Tennessee enacted the nation’s fourth education savings account (ESA) program in 2015. The program, which launched in 2016, gives parents of students with special needs access to an Individualized Education Account (IEA). An IEA can be used for a variety of educational expenses, including private school tuition, private tutoring, learning therapies and more. Learn more about this program’s funding, eligibility and regulations in this section.
America’s fourth education savings accounts (ESA) program
87 participating students (2017–18)
2 percent of students eligible statewide
14 participating schools (2017–18)
Average account value: $6,721 (2017–18)
Average base account value as a percentage of public school per-student spending: 77 percent
Tennessee’s Individualized Education Account (IEA) Program provides parents funds to pay for a variety of educational services for their children, including private school tuition, tutoring, online education, curriculum, therapy, post-secondary educational institutions in Tennessee and other defined educational services. The program launched in 2016–17.
An IEA is funded at an amount equivalent to 100 percent of the state and local funds reflected in the state funding formula that would have gone to the student had he or she attended their zoned public school plus special education funds to which the student would otherwise be entitled under the student’s Individualized Education Plan (IEP).
Students qualify if they are eligible to enroll in kindergarten through 12th grade. They must have an IEP and have been diagnosed with one of the following: autism, deaf-blindness, a hearing impairment (including deafness), an intellectual disability, an orthopedic impairment, a traumatic brain injury, developmental delay, visual impairment (including blindness) and/or multiple disabilities. Additionally, students must either (1) have been enrolled in a Tennessee public school during the previous full school year, (2) be attending a Tennessee public school for the first time or (3) have received an IEA in the previous school year.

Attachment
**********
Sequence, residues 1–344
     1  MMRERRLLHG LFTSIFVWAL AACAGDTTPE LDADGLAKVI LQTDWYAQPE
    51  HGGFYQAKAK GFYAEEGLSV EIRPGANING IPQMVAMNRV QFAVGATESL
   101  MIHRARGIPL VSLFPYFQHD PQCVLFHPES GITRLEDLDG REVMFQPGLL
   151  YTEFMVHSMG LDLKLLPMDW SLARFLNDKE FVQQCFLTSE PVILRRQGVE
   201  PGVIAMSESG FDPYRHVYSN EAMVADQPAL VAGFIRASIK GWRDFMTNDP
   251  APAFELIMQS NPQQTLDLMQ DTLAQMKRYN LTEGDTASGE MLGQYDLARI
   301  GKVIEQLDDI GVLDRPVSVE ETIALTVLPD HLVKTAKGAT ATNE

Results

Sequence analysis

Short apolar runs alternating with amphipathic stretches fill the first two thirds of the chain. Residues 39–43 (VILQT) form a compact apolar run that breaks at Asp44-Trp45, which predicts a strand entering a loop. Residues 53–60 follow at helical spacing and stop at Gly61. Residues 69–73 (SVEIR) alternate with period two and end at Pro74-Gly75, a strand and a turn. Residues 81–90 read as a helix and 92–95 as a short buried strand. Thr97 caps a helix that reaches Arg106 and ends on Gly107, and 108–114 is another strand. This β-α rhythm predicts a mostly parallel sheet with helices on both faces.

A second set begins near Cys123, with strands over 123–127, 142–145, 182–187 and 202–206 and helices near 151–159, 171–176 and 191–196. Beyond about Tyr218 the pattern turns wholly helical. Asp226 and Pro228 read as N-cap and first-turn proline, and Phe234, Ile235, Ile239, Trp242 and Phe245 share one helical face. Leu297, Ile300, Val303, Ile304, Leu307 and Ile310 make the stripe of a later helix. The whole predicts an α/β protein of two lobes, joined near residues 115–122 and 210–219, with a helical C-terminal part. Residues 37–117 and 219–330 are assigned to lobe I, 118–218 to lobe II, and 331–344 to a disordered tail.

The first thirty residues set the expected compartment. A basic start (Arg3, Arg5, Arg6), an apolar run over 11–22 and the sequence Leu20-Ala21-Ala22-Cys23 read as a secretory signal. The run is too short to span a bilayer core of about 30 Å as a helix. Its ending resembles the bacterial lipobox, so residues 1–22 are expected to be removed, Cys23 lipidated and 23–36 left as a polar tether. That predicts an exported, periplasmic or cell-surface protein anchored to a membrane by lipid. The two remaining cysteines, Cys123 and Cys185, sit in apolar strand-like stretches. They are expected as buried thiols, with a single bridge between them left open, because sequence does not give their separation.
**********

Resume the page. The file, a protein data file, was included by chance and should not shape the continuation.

Tennessee’s education savings account – the fourth program of its type in the nation—is currently limited to children with specified disabilities. Although this is a good step for Tennessee students, the program has room to improve. Tennessee should continue to expand eligibility in the program to include a larger pool of eligible students. The program’s regulations on education providers are reasonable and relatively unobtrusive. The program administration is currently under the Department of Education, but the legislatures should shift it to a different governmental department, such as the Department of Revenue, or to a nonprofit designated to administer the funds.
Tenn. Code Ann. §§ 49-10-1401 through 1406
No legal challenges have been filed against the program.
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